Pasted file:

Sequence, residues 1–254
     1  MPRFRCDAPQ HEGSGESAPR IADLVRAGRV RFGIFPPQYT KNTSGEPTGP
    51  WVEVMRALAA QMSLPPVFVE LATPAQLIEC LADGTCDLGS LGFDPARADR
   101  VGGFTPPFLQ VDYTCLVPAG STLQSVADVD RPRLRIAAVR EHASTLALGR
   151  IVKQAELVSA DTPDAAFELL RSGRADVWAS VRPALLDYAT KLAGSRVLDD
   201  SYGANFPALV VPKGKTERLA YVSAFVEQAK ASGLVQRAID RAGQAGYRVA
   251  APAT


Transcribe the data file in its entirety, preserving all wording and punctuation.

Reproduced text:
Sequence, residues 1–254
     1  MPRFRCDAPQ HEGSGESAPR IADLVRAGRV RFGIFPPQYT KNTSGEPTGP
    51  WVEVMRALAA QMSLPPVFVE LATPAQLIEC LADGTCDLGS LGFDPARADR
   101  VGGFTPPFLQ VDYTCLVPAG STLQSVADVD RPRLRIAAVR EHASTLALGR
   151  IVKQAELVSA DTPDAAFELL RSGRADVWAS VRPALLDYAT KLAGSRVLDD
   201  SYGANFPALV VPKGKTERLA YVSAFVEQAK ASGLVQRAID RAGQAGYRVA
   251  APAT